Equilibrium Networks' visual network traffic monitoring software (for background information, see http://www.eqnets.com) has successfully passed our internal tests, so we are packaging a Linux-oriented beta distribution that is planned for snail-mailing (no downloads--sorry, but export regulations still apply) on a limited basis before the end of the month. The beta includes premium features that will not be available with our planned free/open-source distribution later this year, but at this early stage we will be happy to provide a special license free of charge to a limited number of qualifying US organizations.
Participants in our beta program will be expected to provide timely and useful feedback on the software, e.g.
• filling perceived gaps in documentation
• proposing and/or implementing improvements
• making feature requests or providing constructive criticism
• providing testimonial blurbs or case studies
The software should be able to run in its entirety on a dedicated x86 workstation with four or more cores and a network tap (though you may prefer to try out distributed hardware configurations). If your organization is interested in participating in our beta program, please include a sentence or two describing your anticipated use of this visual network traffic monitoring software along with your organizational background, POC and a physical address in an email to beta [at (same domain name as our website)]. DVDs will only be mailed once you've accepted the EULA. Finally, bear in mind that beta slots are limited.
We added a URL's visual to the pix/asa..so now we collect the URL's...this helps when monitoring a system as you not only see the connection, like in the old way, but now you see the urls ....As per usual you can filter it so as to look for particular organizations or countries...but using the key word you can also hunt for anything in the url...be useful if hunting C2 traffic for infections
This is a snippet of a report written for an honours project I'm doing on security visualisation. Just some ideas I want to punt out there, cause it'd be nice to see them take off, & in case they've gone un-noticed because of their being in different topic areas,
Visualisation software for security can be used to display graphical information about the data being captured in real-time and also used for offline analysis. The difference between visualisation applications and the monitoring software of the previous objective is in the presentation of the data, although both kinds can and do make use of the more familiar graphs, such as line graphs, bar charts, pie charts, flow charts.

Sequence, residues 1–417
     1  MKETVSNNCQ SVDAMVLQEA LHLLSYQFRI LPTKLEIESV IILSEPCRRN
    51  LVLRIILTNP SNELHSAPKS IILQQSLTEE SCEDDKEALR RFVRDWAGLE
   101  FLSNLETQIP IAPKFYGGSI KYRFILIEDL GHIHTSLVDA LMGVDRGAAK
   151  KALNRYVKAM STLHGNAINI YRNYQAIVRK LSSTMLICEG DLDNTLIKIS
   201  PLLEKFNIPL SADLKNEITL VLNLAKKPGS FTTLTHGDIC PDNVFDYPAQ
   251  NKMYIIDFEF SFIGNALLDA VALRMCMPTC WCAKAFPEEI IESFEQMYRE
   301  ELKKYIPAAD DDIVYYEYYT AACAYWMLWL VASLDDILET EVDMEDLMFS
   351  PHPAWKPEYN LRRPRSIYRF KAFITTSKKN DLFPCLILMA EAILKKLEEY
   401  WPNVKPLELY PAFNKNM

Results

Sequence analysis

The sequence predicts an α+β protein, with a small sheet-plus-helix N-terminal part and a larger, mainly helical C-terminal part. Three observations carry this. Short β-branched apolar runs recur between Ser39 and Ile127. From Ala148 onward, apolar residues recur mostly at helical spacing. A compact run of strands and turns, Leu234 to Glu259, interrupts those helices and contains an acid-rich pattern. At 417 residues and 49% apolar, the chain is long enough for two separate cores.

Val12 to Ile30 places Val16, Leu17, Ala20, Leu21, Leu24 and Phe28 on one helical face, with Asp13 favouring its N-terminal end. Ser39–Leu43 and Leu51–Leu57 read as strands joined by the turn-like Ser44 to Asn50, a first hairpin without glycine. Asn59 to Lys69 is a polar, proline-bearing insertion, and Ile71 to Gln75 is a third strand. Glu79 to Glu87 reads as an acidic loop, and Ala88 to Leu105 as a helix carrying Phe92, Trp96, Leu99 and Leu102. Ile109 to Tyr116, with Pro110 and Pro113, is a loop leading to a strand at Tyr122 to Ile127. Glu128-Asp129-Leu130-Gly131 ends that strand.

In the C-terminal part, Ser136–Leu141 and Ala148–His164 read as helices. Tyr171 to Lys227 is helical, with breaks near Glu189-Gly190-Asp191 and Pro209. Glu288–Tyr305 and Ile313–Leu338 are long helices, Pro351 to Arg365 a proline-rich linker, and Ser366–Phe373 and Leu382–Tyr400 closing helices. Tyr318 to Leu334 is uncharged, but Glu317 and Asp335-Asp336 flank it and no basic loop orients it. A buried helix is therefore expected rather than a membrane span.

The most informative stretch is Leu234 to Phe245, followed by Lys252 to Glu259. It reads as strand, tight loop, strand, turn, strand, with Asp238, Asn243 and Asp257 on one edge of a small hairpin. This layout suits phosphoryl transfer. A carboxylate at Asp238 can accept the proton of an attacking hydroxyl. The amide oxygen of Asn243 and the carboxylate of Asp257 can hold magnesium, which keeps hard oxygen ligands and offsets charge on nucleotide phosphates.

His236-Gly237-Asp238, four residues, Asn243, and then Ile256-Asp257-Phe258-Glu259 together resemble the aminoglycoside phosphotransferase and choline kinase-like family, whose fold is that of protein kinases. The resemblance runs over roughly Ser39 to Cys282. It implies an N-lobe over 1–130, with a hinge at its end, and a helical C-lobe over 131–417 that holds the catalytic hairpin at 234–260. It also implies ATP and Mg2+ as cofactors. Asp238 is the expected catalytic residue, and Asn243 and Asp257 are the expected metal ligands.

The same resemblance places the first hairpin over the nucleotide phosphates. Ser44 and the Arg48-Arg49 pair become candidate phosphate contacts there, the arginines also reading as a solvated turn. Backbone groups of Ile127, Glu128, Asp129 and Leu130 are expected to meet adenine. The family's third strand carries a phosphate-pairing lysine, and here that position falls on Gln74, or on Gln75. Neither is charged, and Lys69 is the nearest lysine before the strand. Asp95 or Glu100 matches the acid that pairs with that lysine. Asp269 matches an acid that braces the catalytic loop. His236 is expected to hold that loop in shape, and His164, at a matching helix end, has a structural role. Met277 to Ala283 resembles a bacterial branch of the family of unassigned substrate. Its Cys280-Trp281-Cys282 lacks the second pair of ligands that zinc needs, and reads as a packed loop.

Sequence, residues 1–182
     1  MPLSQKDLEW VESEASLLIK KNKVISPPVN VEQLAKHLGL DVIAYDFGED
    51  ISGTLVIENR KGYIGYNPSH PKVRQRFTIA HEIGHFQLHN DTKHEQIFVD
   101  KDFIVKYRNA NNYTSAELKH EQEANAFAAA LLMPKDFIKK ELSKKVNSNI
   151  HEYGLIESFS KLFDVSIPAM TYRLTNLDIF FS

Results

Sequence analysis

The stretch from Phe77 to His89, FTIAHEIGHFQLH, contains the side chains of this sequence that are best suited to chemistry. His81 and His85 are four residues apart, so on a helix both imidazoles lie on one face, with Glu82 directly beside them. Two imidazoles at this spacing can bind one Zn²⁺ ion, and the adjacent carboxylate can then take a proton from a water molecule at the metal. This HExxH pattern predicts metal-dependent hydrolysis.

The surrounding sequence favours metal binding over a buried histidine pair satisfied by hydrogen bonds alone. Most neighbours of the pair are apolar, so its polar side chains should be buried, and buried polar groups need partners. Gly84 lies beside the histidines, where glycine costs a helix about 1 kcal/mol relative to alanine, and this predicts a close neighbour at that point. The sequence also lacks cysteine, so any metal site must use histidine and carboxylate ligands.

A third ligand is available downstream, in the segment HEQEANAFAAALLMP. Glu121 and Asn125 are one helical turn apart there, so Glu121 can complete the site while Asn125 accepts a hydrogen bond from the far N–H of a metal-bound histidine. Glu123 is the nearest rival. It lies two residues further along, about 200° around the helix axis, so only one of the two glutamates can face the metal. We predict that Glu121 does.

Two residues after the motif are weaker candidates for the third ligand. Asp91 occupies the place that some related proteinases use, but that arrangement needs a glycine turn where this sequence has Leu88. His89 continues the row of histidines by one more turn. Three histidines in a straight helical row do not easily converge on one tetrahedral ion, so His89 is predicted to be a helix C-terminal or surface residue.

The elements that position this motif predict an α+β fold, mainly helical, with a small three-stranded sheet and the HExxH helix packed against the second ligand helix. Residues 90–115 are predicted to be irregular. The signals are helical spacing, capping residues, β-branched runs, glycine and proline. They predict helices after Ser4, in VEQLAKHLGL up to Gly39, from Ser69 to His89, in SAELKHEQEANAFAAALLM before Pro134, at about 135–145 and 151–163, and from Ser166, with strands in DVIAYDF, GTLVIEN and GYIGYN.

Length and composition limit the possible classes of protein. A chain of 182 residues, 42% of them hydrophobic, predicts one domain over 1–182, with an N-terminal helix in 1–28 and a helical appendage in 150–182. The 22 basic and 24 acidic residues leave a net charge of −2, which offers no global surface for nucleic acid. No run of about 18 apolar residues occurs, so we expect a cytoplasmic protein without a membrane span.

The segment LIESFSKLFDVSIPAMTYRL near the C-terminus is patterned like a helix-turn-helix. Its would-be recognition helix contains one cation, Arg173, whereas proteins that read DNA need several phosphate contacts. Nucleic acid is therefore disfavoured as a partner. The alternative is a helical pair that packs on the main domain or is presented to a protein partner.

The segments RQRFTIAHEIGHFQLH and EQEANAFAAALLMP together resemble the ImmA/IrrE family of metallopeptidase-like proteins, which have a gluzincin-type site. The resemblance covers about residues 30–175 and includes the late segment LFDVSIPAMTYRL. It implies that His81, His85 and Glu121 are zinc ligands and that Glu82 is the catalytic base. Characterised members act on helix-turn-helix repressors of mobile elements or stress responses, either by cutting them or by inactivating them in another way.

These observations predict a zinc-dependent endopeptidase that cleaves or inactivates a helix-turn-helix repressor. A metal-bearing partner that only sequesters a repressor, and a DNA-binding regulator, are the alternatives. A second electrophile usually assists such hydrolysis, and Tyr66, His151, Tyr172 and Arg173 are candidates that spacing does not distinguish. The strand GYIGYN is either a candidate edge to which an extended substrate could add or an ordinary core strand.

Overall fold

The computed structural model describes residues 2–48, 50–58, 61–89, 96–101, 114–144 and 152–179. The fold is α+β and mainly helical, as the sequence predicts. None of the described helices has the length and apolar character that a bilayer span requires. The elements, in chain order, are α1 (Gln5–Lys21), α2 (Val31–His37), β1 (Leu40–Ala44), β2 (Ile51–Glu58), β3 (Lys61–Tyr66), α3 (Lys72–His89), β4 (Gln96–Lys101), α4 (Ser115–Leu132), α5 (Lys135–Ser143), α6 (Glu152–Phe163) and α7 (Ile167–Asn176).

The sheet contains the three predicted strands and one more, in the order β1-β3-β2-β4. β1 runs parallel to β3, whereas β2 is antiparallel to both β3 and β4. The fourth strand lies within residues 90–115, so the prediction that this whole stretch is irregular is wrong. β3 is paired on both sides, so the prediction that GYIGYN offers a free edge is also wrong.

In general, information visualisation is a way to gain insight into complex datasets and textual information in a condensed and understandable way.
Consequently, evaluating a tools effectiveness means taking into account multidisciplinary areas knowledge of visual systems. Successful visualisation tools take into account user interface design, human-computer interaction, psychology of human perception, machine pattern recognition, and are as much borne from certainly the design side of art as they are about presenting quantified data.
To some extents this kind of information visualisation is quite new, and at its current stage is itself viewable as an overall discipline at a time before its emergence as a distinct discipline; but at the same time the areas that will feature heavily in its development are burgeoning in somewhat unnoticeable ways. For example, the prevalence of touchscreen mobile communications devices, whose interfaces are so intuitive and easy to pick up that many people only need a general idea – like another graphic that shows them in use – of how the interface works to be able to use it correctly. It feels natural enough to be able to press buttons with symbolic and pictorial representations of functions, go to the next page using a sweeping motion, zoom in and out to gain more precise datasets or larger overviews using hardware or onscreen rollbars and sliders, manipulating the onscreen display by tilting the device itself; the world wide web itself was designed from the outset as a distributed hypertext system. This sounds obvious as it is well known what the H in HTML stands for, but the framework itself is another example of a new idea (though clearly built upon cross-indexing, as used in libraries) that people find easy to accept without really noticing it – the amount of extra data conveyed within a document using an tag, navigation made easier with anchors, the hypertext links themselves that allow keywords when activated by a button click to jump to another document with further information in relation to the keyword, the use of tabbed graphical browsers – these web basics are so integrated to the user precisely because they use intuitive design interfaces.
The same ease of information access is also behind why it is so frustrating for the user to have the desktop or interface become slowed down and cluttered with unwanted elements, which aside from being relevant to the overall objectives of this project (as spam and other malware and adware are certainly cumbersome additions to any user experience) give very good design tips of what to include and not include in a graphical console.
To some extents the development of information visualisation has been impeded because the hardware is either too expensive, spacious, or simply not available yet, therefore not able to keep up with the code requirements of the applications or the amount of data needing to be accessed, sorted through, processed. As previously mentioned, clustering is definitely a viable solution to many of the problems slowing down development. Parallel computing and information visualisation station design are very complimentary, as the latter greatly benefits from incorporating the former; this is easily understood by merely counting the amount of nodes being monitored in a given network, and considering that the monitoring station has to capture, make sense of (to various degrees), and possibly interpret and present, and certainly store or produce hard copies in realtime, for all of the nodes combined.
Video game hardware and onscreen interfaces, and music visualisers, are another two areas where a lot of progress has already been made that can be directly lifted and incorporated into information visualisation.
Like lightpens and graphics tablets used for a long time in artistic and photo editing digital applications, devices that offer remote pointing that manipulates onscreen elements are very useful to someone sat far back from multiple monitors, as the interaction is required but their field of vision has to be able to take in all the displays.